The Idaho Wool Growers Association and Shirts Brothers Sheep has filed a lawsuit against the Idaho Department of Fish and Game concerning bighorn sheep management.
The groups in the lawsuit filed earlier this week contend Fish and Game has not lived up to a 1997 agreement the groups say was designed to protect domestic sheep growers from potential adverse effects to their businesses from bighorn sheep introductions.
The groups are asking for unspecified damages "in an amount to be proven at trial."
The lawsuit comes several months after the Payette National Forest released a set of proposed updates to its plan to keep domestic sheep from intermingling with wild bighorns, citing disease transmission that kills bighorns.
One alternative in the draft calls for reducing domestic grazing by about 60 percent in Hells Canyon and allotments in the Salmon River Canyon.
"The Idaho Department of Fish and Game took no action to block the Forest Service from modifying the grazing allotments for Shirts and Shirts Brothers and took insufficient action to prevent Shirts and Shirts Brothers from being harmed by these actions," the lawsuit says.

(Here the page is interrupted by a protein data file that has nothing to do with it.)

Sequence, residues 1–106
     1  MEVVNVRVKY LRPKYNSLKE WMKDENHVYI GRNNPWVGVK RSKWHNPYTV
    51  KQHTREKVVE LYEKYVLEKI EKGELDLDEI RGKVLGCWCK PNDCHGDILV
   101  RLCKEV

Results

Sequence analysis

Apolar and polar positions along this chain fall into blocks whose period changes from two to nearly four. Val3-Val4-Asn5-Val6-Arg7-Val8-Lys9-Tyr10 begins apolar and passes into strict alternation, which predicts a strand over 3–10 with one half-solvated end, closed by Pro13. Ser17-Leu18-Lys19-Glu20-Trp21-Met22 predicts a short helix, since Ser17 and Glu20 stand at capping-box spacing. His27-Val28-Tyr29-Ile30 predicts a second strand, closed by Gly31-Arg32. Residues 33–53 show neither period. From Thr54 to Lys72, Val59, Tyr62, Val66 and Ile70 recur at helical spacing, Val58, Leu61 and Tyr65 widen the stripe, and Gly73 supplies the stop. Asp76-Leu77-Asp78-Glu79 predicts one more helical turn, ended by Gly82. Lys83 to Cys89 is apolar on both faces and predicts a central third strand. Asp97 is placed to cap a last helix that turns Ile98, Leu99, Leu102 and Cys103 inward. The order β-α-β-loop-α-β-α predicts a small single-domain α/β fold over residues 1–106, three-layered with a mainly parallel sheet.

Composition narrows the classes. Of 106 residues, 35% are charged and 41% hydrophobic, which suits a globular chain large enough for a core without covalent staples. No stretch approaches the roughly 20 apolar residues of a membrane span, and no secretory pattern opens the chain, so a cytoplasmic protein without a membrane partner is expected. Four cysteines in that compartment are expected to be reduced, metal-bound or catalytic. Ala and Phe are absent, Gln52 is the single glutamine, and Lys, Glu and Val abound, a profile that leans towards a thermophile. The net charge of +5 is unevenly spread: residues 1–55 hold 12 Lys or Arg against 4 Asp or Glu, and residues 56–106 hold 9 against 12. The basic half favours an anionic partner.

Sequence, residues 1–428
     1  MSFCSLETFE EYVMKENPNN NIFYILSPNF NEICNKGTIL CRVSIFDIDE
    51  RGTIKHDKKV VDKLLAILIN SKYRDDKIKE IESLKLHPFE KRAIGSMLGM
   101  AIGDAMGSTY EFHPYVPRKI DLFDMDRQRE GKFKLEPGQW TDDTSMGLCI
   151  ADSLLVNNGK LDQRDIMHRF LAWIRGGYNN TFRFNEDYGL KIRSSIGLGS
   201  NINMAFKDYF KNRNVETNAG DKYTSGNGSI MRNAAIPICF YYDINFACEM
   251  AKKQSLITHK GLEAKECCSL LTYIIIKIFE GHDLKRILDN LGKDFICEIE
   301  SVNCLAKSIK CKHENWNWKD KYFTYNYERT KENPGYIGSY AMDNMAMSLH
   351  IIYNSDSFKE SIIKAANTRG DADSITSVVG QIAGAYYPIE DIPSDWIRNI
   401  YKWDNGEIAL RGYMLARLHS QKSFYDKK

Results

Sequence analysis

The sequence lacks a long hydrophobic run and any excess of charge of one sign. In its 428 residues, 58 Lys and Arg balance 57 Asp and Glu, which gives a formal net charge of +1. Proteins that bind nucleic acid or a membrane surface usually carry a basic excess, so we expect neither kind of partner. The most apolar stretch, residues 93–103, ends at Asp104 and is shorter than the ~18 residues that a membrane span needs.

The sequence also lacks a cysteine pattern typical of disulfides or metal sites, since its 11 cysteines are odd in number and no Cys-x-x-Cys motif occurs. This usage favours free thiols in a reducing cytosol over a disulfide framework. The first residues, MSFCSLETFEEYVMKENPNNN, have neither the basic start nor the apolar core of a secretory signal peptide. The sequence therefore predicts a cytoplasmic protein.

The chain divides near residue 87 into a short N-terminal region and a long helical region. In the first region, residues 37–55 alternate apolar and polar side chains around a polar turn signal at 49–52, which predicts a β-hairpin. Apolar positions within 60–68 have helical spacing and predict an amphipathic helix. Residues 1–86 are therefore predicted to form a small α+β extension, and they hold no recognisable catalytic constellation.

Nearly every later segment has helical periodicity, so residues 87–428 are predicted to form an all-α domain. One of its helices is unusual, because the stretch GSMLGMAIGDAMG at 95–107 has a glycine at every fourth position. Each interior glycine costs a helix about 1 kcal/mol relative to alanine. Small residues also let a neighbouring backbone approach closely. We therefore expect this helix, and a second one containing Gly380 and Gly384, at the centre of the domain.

The Idaho Department of Fish and Game did not immediately return a call from The Associated Press on Saturday.
Idaho bighorn numbers have dwindled by half since 1990, to about 3,500 animals.
The 1997 agreement with wool growers included Fish and Game, federal land management agencies, and a bighorn sheep conservation group. The lawsuit contends that in 2007 the Forest Service began reducing domestic sheep grazing to protect bighorns.